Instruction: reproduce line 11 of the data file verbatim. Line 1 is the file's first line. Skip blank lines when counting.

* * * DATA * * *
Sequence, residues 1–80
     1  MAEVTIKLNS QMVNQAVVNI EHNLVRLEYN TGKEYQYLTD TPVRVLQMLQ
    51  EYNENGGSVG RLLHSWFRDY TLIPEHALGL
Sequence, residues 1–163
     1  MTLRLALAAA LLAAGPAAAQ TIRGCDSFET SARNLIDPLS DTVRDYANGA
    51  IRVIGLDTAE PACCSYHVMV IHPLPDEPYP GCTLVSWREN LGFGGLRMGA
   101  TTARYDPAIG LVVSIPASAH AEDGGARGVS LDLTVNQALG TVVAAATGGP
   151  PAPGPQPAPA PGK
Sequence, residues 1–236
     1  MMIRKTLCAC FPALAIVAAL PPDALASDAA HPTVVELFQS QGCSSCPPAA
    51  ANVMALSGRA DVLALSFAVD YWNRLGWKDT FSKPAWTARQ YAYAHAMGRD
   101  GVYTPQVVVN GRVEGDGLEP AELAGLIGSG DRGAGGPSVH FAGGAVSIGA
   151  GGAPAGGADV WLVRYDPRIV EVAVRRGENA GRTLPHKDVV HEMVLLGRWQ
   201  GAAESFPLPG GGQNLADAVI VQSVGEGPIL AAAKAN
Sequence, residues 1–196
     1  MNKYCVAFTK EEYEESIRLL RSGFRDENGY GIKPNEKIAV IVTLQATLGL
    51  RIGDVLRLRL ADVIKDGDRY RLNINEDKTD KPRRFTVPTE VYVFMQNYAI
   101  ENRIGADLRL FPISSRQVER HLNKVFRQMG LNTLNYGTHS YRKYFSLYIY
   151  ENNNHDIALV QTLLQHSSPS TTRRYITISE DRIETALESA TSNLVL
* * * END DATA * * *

    51  ANVMALSGRA DVLALSFAVD YWNRLGWKDT FSKPAWTARQ YAYAHAMGRD